Friday, January 2, 2009

Paragraph? Why Should I Care-agraph?

Ignore the title, it's awful. I know. Sorry. Moving on.

Since we've talked about the basics of building an effective sentence, I'd like to focus for a sec on what I think is the buy/don't buy aspect of most books. Go pick up a book. Any book will do. Open it to the middle somewhere and look at a couple random pages. You can usually tell what kind of book you are getting into based entirely on the layout of paragraphs.

For instance, Paradise Falls has, to my knowledge, the longest paragraph in any book. At least any I have seen. One paragraph is fifteen or sixteen PAGES! You know instantly, when you see that thick block of text, that this is going to be a hard read. On the other had, open Artemis Fowl or one of the early Harry Potter books and you'll notice that there is a lot of white space. The paragraphs are broken up to more easily hold the attention of the younger audience. This is where knowing your audience is important.

If you are writing YA, you will want to avoid a Dan Brown-esque block of historical information dumping. While it may work in his books, which are obviously for adults (or really REALLY smart kids) it will put off a younger reader. I highly encourage you to step back from your words and sentences and look at your novel from a distance. Zoom out so that you can fit several pages on the screen (or print it off if you like). How does it appear on the page? Is it a mass of black ink covering most of the page?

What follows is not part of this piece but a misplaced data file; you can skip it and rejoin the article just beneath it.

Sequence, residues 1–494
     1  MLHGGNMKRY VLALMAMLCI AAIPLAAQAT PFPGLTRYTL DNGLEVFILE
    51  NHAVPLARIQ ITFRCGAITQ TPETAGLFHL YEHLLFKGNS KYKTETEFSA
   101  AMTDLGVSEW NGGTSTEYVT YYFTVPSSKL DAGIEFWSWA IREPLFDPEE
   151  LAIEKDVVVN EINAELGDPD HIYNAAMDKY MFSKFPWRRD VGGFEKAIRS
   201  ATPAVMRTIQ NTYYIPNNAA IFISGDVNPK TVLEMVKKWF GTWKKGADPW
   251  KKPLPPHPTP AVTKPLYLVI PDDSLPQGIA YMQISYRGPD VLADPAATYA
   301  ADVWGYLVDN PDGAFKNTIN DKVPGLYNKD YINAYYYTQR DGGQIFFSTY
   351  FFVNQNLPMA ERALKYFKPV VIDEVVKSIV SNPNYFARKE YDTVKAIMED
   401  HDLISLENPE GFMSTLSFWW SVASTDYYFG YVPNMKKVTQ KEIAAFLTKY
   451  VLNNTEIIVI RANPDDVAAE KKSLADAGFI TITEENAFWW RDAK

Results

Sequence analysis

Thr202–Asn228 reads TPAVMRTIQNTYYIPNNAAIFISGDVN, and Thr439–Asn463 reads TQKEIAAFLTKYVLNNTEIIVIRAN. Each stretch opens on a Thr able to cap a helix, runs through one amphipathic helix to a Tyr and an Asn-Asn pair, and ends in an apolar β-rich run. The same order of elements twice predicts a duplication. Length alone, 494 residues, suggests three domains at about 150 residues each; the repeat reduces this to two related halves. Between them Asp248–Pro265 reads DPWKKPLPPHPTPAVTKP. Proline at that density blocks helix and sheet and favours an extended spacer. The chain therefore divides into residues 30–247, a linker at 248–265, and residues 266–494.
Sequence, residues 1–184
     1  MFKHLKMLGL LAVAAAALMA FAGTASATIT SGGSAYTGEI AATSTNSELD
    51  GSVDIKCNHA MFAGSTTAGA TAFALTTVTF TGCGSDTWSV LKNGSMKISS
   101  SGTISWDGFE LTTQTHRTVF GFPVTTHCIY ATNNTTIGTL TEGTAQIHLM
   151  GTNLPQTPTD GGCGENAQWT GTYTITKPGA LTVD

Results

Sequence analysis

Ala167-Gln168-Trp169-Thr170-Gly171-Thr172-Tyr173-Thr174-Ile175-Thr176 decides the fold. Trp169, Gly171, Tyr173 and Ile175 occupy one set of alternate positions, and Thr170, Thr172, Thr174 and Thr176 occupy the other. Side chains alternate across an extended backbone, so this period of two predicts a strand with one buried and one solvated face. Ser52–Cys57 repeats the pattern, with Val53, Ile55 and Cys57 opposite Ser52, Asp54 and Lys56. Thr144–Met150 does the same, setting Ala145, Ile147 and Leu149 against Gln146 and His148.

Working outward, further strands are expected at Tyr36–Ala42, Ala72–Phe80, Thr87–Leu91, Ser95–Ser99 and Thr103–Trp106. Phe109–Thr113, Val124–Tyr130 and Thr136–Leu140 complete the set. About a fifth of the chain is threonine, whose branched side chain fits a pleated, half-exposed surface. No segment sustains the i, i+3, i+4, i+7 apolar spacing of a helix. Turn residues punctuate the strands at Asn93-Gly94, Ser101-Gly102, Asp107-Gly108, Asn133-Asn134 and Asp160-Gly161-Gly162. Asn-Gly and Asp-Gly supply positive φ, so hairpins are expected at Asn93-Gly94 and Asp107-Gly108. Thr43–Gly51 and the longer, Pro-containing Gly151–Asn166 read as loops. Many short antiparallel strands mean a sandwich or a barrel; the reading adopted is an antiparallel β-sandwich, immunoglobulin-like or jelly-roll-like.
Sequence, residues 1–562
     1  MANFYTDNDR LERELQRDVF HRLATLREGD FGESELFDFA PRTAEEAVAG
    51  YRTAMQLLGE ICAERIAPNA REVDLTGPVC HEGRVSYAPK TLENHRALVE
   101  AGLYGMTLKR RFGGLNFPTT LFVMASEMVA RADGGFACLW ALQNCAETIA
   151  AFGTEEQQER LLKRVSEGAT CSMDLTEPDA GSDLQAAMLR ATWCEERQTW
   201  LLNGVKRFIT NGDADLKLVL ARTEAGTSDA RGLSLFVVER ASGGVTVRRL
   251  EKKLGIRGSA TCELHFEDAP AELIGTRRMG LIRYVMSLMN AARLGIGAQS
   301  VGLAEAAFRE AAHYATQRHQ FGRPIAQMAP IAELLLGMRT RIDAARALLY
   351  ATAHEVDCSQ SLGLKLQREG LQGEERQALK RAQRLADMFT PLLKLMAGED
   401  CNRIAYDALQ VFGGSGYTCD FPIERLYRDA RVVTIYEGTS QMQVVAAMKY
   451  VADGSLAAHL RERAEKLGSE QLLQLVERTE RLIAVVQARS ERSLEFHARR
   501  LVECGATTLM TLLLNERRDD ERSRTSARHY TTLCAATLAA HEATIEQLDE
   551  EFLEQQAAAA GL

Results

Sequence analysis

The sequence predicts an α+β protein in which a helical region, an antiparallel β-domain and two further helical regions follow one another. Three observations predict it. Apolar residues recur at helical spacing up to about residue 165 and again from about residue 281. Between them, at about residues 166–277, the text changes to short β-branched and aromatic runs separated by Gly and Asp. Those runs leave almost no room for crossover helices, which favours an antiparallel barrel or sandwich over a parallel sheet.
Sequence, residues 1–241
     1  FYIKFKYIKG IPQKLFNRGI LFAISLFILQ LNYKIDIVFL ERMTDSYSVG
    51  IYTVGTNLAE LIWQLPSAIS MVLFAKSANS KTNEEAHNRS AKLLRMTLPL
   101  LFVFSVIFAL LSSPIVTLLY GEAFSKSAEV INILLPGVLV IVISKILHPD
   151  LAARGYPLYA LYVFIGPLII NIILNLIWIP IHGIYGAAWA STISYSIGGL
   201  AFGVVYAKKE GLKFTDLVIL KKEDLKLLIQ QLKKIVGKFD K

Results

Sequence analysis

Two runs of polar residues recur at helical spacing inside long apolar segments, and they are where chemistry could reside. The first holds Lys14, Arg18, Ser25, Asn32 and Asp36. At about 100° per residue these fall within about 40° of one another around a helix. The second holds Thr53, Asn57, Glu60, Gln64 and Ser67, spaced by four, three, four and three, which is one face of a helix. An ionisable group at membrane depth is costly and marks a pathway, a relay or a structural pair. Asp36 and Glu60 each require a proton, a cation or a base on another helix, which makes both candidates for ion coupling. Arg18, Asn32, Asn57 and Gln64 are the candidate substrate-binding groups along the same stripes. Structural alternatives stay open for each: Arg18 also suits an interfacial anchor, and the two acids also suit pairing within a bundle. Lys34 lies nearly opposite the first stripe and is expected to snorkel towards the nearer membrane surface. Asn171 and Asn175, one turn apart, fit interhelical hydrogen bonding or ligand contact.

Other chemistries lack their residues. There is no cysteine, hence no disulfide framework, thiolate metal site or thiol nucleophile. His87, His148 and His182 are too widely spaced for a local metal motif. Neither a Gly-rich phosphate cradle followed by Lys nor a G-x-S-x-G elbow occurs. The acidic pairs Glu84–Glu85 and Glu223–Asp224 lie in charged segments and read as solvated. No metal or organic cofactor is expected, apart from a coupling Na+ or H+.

While I can't say that there is a right or wrong here, there is certainly a chance to gain or lose readers. While they may not say, "Yeah, I didn't buy that new book because the paragraphs were just so friggin blocky" they may notice it subconsciously.

Since we're focused on fiction here, you don't want your book to look like an old text book. Seriously, have a look at one that you had when you were a kid and compare it to a college textbook. Any text book company worth its salt will include lots of breaks, pictures, side notes and other distractions in a lower grade's text. They are trying to help the kid forget they are learning and make them think it's fun. Yeah right. On the other hand, the college texts don't care if you're having fun. You chose to take this class, you want to learn all you can. No more room for pictures. My law books never had an artist's rendering of a TORT in action.